Edited by Gary L. Lilien and Rajdeep Grewal
Chapter 18: Trust, Distrust and Confidence in B2B Relationships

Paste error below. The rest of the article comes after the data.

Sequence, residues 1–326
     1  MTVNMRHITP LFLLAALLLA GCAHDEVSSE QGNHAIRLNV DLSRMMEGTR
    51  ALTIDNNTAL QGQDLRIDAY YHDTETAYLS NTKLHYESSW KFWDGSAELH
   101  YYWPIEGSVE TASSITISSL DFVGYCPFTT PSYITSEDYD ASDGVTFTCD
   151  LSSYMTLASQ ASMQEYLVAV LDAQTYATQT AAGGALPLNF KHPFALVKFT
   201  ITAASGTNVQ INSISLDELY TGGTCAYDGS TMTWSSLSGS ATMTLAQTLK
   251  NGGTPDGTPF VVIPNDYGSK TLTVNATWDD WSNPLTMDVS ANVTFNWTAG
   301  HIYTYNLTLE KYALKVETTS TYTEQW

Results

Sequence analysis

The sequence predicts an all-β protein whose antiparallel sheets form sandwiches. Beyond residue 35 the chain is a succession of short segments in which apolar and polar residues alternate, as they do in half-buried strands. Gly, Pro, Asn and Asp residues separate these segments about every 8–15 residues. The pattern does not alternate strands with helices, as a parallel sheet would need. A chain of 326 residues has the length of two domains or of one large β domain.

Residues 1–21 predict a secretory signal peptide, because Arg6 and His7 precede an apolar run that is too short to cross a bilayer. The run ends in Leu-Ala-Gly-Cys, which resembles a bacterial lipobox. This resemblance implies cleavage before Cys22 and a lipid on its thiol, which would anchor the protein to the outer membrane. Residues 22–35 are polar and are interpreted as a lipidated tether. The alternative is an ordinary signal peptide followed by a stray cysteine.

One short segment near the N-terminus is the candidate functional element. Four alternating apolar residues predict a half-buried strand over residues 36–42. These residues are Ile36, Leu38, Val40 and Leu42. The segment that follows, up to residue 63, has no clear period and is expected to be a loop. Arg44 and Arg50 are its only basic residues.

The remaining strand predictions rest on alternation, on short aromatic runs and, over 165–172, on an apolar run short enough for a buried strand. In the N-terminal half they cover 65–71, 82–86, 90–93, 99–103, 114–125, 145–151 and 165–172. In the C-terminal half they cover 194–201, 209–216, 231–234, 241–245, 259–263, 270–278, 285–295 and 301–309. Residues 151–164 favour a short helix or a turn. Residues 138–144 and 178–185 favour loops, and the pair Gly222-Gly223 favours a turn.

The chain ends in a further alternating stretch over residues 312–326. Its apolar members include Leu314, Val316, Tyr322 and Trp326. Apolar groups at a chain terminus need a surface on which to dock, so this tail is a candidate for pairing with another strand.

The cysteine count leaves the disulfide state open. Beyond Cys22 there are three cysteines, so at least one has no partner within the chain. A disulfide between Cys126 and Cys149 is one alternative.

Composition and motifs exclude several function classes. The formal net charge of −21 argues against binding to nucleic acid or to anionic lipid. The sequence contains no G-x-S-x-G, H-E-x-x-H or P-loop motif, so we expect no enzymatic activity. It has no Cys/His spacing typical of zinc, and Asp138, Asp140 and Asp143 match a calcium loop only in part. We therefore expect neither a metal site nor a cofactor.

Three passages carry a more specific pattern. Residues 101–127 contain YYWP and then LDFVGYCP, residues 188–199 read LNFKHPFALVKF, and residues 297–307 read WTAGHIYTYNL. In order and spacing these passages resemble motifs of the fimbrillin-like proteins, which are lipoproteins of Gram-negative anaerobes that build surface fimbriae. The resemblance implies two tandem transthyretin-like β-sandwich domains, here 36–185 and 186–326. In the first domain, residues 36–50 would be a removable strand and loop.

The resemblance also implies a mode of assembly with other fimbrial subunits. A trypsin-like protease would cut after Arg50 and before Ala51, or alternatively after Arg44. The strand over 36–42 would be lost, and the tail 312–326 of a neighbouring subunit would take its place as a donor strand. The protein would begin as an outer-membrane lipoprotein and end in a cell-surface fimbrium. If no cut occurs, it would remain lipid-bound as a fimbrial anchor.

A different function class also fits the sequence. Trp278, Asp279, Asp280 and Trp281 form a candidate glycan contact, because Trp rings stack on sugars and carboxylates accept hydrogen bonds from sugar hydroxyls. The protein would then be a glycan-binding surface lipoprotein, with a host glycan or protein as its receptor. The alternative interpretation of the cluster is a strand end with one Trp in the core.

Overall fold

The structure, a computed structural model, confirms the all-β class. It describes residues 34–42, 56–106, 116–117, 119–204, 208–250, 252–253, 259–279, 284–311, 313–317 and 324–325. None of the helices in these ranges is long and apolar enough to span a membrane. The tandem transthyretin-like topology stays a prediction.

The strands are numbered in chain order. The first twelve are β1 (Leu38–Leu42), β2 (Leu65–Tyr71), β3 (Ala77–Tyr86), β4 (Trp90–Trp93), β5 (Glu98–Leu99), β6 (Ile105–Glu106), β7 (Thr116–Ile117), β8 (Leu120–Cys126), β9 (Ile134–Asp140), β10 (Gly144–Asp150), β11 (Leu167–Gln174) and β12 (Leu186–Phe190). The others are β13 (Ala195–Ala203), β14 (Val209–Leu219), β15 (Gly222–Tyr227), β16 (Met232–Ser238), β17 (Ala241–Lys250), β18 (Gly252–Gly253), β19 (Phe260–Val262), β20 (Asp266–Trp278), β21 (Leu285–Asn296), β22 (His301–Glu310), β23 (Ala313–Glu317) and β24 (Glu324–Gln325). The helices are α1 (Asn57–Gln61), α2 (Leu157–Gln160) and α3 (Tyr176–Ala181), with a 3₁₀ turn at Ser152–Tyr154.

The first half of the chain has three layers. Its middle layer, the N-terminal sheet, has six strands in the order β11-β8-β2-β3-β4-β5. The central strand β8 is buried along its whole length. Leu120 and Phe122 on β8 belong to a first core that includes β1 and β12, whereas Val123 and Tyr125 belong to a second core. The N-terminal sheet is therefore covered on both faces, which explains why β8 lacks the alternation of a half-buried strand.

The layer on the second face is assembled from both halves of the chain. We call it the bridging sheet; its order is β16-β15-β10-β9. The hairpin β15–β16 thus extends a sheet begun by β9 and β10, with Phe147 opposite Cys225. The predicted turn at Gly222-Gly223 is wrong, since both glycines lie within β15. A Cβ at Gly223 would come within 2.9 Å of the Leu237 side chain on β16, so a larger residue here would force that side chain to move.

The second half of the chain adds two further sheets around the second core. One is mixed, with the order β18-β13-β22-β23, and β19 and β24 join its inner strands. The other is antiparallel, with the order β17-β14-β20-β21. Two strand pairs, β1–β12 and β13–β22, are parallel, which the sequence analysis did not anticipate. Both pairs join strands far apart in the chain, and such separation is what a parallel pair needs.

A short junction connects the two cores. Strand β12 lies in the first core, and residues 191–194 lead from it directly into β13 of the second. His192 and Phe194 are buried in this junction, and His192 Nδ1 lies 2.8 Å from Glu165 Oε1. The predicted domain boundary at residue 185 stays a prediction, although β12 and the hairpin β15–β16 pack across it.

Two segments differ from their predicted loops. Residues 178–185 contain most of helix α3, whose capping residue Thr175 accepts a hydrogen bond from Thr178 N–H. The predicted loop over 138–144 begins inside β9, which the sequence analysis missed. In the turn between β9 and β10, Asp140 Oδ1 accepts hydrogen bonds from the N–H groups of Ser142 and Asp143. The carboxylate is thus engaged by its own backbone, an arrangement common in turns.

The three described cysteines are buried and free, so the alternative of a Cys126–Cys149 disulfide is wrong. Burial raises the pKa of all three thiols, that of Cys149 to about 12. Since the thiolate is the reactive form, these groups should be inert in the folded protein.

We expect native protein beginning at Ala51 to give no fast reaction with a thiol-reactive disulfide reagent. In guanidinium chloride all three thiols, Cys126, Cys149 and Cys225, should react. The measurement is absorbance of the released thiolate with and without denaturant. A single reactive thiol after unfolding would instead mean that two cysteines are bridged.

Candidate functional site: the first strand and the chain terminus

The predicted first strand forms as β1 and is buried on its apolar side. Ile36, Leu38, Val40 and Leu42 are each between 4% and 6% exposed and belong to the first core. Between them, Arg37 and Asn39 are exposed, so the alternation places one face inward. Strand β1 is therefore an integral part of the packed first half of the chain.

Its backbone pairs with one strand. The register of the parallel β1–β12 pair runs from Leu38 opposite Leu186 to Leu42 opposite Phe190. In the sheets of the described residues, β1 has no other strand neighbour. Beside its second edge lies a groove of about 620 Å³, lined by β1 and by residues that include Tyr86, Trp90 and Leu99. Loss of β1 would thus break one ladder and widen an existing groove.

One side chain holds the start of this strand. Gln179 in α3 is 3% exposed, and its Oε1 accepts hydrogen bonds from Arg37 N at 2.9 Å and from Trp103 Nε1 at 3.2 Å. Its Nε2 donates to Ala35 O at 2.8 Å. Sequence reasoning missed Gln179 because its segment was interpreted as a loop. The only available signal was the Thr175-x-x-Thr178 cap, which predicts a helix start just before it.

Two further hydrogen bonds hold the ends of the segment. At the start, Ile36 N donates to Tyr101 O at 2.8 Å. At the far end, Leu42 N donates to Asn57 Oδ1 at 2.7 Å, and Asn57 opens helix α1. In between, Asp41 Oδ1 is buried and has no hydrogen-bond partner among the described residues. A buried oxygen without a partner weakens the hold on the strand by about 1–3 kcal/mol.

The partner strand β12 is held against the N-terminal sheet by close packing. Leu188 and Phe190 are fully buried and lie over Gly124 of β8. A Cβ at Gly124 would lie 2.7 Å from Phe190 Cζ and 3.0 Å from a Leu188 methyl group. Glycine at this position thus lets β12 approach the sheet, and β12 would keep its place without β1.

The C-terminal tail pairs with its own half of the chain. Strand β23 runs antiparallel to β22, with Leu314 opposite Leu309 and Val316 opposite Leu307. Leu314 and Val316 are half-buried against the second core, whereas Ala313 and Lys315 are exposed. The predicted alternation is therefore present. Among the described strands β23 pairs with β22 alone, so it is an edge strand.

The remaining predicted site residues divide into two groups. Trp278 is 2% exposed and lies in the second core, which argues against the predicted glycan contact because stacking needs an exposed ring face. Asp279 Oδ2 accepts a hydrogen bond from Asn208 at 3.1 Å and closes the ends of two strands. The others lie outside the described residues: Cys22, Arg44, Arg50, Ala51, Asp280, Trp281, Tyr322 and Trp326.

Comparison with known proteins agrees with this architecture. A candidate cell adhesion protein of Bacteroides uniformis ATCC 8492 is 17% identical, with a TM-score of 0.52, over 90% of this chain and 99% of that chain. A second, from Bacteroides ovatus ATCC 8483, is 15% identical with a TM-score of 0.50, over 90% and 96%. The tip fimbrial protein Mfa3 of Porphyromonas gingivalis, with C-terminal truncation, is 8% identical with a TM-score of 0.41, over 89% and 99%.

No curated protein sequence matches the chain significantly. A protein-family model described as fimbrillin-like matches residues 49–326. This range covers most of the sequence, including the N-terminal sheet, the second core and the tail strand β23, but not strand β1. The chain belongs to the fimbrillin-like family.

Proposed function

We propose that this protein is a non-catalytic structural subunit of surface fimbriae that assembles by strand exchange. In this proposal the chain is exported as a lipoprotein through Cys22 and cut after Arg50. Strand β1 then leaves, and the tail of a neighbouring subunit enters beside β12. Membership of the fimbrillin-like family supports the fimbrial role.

Lisa K. Scheer* Trust is central in B2B relationships. It increases the ‘ability to adapt to unforeseen problems in ways that are difficult to achieve through arm’s-length ties’ (Uzzi 1996, p. 678) and is the foundation for greater commitment and performance (Palmatier et al. 2007a). Meta-analysis reveals that the ‘effect of trust on satisfaction and long-term orientation is even substantially larger than the direct effect of economic outcomes’ (Geyskens et al. 1998, p. 242). However, ‘while the effects of trust on attitudes and perceptions have been . . . fairly consistent and positive, its effects on behavior and performance’ have been weaker (Langfred 2004, p. 385). Although trust has been theorized to improve performance, its actual effect is questionable (Atuahene-Gima and Li 2002; Gundlach and Cannon 2010). Why does trust not consistently generate more favorable performance? Is this due to confusion about what trust is? Critical gaps in our knowledge about trust in B2B relationships remain, including the following: ● ● ● What negative effects could result from greater trust, and how can they be mitigated? What is distrust? Can it affect B2B relationships differently than the absence of trust? How does trust differ from confidence? What are the sources of confidence? Contemplation of these issues highlights avenues for theory building and empirical investigation as well as managerial insights. Despite extensive prior research, trust is definitely ‘worthy of more thorough analysis and a deeper understanding’ (Gundlach and Cannon 2010, p. 411). WHAT IS TRUST? ‘Trust is the belief that one’s partner can be relied on to...
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